Endangered Rhinos in South Africa Will Be Fitted With Spy Cameras In Their Horns

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Endangered rhinos at risk will soon be fitted with spy cameras in a preventative measure to end poachers slaughtering them for their much sought-after horns.

The device will be embedded into the rhino’s horn with minimal harm to the animal, which will also be assigned a heart-rate monitor and a satellite tracking collar to triangulate the rhino's whereabouts in order for rangers to quickly reach the creature if in sudden danger from poachers.

With video evidence and data directly from the animal, prosecutors will also be able to put poachers on trial in court. It’s also hoped that these defensive efforts will deter would-be poachers.

Working with endangered rhino populations for over 15 years, conservation scientist Dr. Paul O’Donoghue from University of Chester, England, developed the anti-poaching system.

With a rhino butchered every six hours in Africa, O’Donoghue said: "We had to find a way to protect these animals effectively in the field – the killing has to be stopped. With this device, the heart-rate monitor triggers the alarm the instant a poaching event occurs, pin-pointing the location within a few metres so that rangers can be on the scene via helicopter or truck within minutes, leaving poachers no time to harvest the valuable parts of an animal or make good an escape."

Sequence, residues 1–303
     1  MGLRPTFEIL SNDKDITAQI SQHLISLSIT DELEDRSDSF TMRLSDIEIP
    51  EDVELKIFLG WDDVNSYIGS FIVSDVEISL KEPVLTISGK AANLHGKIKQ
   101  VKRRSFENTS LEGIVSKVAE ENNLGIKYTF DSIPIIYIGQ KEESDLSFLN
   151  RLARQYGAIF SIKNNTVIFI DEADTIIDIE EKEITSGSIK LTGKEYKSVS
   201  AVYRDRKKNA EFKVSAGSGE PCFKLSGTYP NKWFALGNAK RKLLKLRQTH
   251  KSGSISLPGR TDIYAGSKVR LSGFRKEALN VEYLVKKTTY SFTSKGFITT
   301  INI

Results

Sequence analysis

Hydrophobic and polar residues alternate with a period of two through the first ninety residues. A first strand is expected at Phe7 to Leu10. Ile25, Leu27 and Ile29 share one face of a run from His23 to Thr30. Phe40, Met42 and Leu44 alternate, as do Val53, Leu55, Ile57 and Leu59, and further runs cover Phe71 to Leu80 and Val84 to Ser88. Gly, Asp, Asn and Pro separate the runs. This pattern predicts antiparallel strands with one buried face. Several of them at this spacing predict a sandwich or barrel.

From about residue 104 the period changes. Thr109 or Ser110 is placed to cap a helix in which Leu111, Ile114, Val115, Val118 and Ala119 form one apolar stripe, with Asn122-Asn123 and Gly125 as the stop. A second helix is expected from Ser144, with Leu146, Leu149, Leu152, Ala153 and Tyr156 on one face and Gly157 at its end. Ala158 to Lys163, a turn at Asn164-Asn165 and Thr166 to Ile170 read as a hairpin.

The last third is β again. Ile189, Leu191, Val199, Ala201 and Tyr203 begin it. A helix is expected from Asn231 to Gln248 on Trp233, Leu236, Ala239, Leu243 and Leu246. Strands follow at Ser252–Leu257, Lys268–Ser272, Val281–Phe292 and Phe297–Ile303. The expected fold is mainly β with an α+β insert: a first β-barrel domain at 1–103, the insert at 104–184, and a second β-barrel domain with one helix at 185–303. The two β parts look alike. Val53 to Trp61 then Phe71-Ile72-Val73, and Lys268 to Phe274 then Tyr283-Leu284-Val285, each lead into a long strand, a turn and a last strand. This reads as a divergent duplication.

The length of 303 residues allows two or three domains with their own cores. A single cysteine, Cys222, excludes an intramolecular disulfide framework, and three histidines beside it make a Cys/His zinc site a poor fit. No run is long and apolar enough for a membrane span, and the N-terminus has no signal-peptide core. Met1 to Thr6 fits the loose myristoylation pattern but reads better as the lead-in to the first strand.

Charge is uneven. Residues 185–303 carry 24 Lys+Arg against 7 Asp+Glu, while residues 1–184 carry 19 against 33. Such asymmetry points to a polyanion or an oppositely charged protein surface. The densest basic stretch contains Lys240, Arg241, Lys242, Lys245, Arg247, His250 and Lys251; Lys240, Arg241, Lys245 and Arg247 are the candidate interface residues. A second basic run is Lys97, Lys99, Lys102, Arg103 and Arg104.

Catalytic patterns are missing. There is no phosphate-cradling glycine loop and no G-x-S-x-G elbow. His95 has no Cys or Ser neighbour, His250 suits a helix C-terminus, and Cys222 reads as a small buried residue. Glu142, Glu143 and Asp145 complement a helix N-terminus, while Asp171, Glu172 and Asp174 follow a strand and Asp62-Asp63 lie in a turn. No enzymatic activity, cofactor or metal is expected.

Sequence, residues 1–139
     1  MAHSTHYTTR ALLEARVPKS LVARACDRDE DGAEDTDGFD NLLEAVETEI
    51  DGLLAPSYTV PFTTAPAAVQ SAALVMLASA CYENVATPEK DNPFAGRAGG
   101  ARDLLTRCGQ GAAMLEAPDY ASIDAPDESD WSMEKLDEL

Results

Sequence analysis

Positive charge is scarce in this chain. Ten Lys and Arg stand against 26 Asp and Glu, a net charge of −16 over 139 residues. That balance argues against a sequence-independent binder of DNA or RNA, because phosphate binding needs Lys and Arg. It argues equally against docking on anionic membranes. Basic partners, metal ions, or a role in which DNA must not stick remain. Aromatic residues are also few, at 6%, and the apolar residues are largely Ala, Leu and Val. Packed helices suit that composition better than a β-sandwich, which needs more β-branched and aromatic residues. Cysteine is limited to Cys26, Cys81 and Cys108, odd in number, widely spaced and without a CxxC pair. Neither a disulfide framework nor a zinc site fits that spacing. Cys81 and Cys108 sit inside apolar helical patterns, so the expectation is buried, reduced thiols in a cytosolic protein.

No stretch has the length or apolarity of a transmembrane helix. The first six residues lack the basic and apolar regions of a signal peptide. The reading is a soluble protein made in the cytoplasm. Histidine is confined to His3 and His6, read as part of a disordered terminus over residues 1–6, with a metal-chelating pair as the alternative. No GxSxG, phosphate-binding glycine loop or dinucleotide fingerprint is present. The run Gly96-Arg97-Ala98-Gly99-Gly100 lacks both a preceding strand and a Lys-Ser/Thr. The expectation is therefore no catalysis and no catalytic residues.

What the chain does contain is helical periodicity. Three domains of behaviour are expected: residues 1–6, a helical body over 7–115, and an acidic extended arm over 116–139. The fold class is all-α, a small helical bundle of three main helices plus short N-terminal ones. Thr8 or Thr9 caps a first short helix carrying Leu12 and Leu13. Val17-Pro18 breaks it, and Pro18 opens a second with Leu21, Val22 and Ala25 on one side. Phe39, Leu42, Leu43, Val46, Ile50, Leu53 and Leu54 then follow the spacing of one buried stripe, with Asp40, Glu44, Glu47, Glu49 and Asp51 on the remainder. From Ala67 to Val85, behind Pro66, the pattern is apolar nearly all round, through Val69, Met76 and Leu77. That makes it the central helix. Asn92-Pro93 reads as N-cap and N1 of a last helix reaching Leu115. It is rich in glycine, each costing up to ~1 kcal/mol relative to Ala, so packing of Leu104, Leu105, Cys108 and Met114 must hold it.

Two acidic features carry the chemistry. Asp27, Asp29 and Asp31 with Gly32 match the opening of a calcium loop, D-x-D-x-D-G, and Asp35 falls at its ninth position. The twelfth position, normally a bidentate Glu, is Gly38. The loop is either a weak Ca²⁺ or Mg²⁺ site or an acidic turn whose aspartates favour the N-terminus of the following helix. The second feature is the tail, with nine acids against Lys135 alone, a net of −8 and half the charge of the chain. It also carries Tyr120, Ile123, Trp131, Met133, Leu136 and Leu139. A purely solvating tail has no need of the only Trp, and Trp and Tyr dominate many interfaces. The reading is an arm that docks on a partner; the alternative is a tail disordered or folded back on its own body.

Since 2007, rhino poaching in South Africa has increased by over 9,000-fold. These vast expanses of land are near impossible to patrol fully, so poachers can often slip through unnoticed.

“Poachers could find a way through,” said Dean Peinke, a mammal ecologist from the Eastern Cape Parks and Tourism Agency in South Africa, remarking on the penetrable defenses of the army patrols used to protect the rhinos. “They are well organised and equipped, and they will find gaps in almost any defence because the rewards are so great. These devices tip the balance strongly in our favour. If we can identify poaching events as they happen, we can respond quickly and effectively to apprehend the poachers."

Due to be tested in South Africa soon, this innovative tracking system will also be implemented for elephants and tigers.

[H/T: Press Release: weareprotect.org]

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